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  • High pressure processing of milk: Modeling the inactivation of psychrotrophic Bacillus cereus spores at 38-70??C

    Evelyn; Oliveira, Maria (2015-11)

    Journal article
    The University of Auckland Library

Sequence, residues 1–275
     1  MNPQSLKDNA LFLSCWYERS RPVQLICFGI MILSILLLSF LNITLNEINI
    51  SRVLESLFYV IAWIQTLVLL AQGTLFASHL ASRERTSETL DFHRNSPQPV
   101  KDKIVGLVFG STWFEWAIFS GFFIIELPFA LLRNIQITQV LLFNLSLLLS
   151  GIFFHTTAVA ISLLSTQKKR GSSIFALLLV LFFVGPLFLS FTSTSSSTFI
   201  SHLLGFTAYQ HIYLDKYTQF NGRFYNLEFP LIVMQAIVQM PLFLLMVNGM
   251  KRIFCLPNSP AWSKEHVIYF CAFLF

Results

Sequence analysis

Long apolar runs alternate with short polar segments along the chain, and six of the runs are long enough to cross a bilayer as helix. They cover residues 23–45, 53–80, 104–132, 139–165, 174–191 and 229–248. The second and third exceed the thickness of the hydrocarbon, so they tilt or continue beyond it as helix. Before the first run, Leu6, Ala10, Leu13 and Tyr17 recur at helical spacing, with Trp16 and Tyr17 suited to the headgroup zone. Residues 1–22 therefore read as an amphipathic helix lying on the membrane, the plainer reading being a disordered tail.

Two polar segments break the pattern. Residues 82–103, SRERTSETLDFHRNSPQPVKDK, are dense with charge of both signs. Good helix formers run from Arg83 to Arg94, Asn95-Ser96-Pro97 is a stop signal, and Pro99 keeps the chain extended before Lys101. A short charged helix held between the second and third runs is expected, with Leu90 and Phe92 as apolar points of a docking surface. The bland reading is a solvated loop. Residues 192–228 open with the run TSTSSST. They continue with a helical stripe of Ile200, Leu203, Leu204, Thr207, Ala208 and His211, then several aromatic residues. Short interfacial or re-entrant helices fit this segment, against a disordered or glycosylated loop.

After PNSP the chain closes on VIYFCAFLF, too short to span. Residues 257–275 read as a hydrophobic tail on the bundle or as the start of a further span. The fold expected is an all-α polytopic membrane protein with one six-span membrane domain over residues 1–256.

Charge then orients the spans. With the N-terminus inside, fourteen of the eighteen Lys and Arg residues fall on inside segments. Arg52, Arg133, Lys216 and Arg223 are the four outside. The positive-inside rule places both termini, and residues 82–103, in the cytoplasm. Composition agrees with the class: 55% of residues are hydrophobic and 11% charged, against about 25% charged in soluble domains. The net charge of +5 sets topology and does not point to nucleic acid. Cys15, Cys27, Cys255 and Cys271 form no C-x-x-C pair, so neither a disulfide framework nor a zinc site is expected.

Bacillus cereus is a pathogen that can grow in foods and beverages with low acidity. The main objective of this work was to model the inactivation of psychrotrophic B. cereus spores in reconstituted milk treated by high pressure (HPP) combined with a thermal process, and to compare it with thermal inactivation kinetics. First, the effect of HPP pressure (200, 400 and 600 MPa) for up to 40 min at 70 ??C on B. cereus spores was investigated. A pressure increment from 200 to 600 MPa slightly reduced the spore numbers in the reconstituted milk. Then the influence of temperature at 600 MPa on spore inactivation for up to 40 min was studied. Increasing the HPP temperature from 38 to 70 ??C increased the spore inactivation in milk by 3.5 log. The 600 MPa combined with heat enhanced the spore inactivation in milk, requiring a temperature 20 ??C lower to achieve the same spore inactivation. However, for a 5 log spore inactivation, the pressure???thermal process required a higher specific energy than the thermal processing. The resistance of two psychrotrophic strains of B. cereus spores in milk was also investigated and showed similar results. The Weibull model described spore inactivation by pressure???heat, whereas the first order kinetics was more appropriate for the thermal inactivation alone. The results of this study confirmed the advantage of HPP technology to further increase the thermal inactivation of B. cereus spores in milk.